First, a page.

“It was ter­ri­fy­ing, hon­estly. There was a lot of noise. We thought the win­dows were go­ing to break at any time. We had the in­side win­dows kind of bar­ri­caded in with mat­tresses,” Mr. Beu said.

Kaylee O’Brien was cry­ing as she sorted through the re­mains of the apart­ment she shared with three room­mates at Whis­per­ing Pines apart­ments, where the smell of bro­ken pine trees was thick in the air. Four pine trees had crashed through the roof of her apart­ment, nearly hit­ting two peo­ple. Her 1year-old Si­amese cat, Molly, was miss­ing.

“We haven’t seen her since the tree hit the den. She’s my baby,” Ms. O’Brien said, her face wet with tears.

In Apalachicola, Sally Crown rode out the storm in her house. The worst dam­age — she thought — was in her yard. Mul­ti­ple trees were down. But af­ter the storm passed, she drove to check on the cafe she man­ages and saw breath­tak­ing destruction.

“It’s ab­so­lutely hor­ren­dous. Cat­a­strophic,” Ms. Crown said. “There’s flood­ing. Boats on the high­way. A house on the high­way. Houses that have been there for­ever are just shat­tered.”

Gov. Rick Scott an­nounced soon af­ter the pow­er­ful eye had swept in­land that “ag­gres­sive” searc­hand-res­cue ef­forts would get un­der­way as con­di­tions al­lowed. He urged peo­ple to stay off de­bris-lit­tered roads.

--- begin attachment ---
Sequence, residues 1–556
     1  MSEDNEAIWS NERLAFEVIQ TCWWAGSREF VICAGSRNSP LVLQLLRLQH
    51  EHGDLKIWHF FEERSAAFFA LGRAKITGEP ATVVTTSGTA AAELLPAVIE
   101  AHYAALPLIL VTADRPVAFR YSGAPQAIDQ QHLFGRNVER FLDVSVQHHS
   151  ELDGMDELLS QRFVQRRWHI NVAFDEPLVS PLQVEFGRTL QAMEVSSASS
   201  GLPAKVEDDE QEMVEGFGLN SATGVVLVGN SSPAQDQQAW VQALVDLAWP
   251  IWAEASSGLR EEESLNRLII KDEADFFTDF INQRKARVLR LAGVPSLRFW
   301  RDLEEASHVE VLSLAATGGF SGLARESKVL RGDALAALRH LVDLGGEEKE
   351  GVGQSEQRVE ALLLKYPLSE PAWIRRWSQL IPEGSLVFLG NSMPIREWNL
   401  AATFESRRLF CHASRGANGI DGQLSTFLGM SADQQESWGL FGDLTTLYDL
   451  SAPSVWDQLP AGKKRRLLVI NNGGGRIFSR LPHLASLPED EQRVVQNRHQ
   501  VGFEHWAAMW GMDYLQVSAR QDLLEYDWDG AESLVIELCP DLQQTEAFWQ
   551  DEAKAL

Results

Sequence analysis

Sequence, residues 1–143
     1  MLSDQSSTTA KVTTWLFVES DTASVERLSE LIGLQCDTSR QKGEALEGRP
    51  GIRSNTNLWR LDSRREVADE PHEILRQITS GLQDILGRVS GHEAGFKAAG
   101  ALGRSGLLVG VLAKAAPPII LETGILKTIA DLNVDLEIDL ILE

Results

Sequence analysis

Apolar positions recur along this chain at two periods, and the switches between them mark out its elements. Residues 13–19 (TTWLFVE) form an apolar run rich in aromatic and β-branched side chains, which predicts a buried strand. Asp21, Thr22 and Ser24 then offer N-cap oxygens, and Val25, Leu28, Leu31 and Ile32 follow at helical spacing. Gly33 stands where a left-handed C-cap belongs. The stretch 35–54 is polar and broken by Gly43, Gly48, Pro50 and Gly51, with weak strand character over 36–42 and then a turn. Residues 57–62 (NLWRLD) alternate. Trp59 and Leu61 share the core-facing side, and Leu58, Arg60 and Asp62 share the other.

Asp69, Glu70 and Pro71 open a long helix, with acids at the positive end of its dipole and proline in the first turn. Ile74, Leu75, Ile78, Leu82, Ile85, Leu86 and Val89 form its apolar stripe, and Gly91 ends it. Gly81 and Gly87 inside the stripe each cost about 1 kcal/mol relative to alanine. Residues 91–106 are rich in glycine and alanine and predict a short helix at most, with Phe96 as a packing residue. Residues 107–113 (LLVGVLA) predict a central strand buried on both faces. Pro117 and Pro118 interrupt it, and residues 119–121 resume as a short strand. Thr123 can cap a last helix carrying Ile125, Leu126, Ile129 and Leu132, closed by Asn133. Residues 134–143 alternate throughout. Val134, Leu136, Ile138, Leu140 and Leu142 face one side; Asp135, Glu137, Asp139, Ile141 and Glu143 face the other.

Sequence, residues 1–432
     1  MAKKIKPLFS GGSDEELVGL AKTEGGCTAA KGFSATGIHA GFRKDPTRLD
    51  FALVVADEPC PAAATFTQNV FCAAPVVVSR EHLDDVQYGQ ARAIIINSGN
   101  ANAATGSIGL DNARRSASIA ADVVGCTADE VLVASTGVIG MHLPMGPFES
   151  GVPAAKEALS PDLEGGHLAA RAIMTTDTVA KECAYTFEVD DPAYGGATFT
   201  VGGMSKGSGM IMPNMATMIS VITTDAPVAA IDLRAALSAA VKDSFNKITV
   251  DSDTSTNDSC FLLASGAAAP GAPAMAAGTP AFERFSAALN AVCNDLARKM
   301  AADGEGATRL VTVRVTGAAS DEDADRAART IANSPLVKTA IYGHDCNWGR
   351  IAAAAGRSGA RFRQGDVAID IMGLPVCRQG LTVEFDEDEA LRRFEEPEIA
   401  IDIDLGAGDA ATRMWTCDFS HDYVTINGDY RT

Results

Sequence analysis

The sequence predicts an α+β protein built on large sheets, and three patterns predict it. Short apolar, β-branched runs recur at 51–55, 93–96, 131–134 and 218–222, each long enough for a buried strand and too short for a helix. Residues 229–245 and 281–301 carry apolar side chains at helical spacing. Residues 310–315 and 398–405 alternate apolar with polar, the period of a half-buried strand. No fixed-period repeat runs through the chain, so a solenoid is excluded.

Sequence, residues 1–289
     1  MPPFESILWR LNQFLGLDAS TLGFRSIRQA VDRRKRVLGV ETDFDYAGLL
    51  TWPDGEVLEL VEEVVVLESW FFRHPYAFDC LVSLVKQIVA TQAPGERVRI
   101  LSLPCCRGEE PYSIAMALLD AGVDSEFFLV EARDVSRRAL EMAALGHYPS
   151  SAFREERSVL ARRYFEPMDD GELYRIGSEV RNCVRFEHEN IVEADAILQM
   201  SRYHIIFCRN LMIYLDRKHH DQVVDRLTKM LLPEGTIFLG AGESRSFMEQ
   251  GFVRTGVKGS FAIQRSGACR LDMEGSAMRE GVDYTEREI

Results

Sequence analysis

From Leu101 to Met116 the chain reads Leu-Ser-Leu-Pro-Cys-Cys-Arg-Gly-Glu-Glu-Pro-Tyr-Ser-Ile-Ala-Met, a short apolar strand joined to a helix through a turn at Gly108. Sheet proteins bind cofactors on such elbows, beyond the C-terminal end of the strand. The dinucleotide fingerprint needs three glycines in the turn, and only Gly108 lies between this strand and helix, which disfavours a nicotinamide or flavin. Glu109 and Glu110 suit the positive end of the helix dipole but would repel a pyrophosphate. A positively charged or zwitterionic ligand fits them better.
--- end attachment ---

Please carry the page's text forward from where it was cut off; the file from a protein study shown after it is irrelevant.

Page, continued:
“If you and your fam­ily made it through the storm safely, the worst thing you could do now is act fool­ishly,” he said.

Michael was a me­te­o­ro­log­i­cal brute that sprang quickly from a week­end trop­i­cal de­pres­sion, go­ing from a Cat­e­gory 2 on Tues­day to a Cat­e­gory 4 by the time it came ashore. It was the most pow­er­ful hur­ri­cane on record to hit the Pan­han­dle.

More than 375,000 peo­ple up and down the Gulf Coast were urged to evac­u­ate as Michael closed in. But the fast-mov­ing, fast-strength­en­ing storm didn’t give peo­ple much time to pre­pare, and emergency au­thor­i­ties lamented that many ig­nored the warn­ings and seemed to think they could ride it out.

Diane Far­ris, 57, and her son walked to a high school-turned­shel­ter near their Panama City home, where about 1,100 peo­ple crammed into a space meant for about half as many. Nei­ther she nor her son had any way to com­mu­ni­cate be­cause their lone cell­phone got wet and quit work­ing.

“I’m wor­ried about my daugh­ter and grand­baby. I don’t know where they are. You know, that’s hard,” she said, chok­ing back tears.